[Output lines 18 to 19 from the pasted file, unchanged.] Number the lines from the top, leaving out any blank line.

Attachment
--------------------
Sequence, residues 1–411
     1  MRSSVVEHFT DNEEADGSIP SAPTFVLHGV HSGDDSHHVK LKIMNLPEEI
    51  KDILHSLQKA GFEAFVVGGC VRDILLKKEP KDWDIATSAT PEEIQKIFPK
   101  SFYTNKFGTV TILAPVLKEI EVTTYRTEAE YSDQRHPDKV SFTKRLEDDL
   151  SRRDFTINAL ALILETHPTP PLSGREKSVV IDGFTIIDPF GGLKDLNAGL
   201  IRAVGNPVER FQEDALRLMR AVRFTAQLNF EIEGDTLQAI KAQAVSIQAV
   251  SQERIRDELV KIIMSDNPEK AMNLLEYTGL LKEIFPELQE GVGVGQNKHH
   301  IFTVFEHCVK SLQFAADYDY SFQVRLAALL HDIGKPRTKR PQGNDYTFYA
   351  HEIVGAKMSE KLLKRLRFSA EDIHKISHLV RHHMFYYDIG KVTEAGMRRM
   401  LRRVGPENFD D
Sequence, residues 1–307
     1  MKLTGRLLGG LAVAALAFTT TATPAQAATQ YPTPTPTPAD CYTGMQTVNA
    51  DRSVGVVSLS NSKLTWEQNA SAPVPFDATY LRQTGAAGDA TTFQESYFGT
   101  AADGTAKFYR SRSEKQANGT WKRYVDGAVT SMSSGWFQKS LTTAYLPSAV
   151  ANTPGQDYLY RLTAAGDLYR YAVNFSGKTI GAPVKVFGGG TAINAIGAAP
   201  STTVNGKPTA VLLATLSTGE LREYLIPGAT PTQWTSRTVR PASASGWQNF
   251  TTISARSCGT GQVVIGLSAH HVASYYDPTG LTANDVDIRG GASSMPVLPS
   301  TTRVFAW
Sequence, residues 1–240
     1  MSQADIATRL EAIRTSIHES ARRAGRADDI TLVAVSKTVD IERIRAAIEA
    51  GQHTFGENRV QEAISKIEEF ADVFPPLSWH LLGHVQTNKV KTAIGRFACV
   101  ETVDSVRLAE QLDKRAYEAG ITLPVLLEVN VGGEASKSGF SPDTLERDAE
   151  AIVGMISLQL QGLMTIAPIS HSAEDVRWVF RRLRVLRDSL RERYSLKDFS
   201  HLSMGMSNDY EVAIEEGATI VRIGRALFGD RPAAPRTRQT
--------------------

   301  TTRVFAW
Sequence, residues 1–240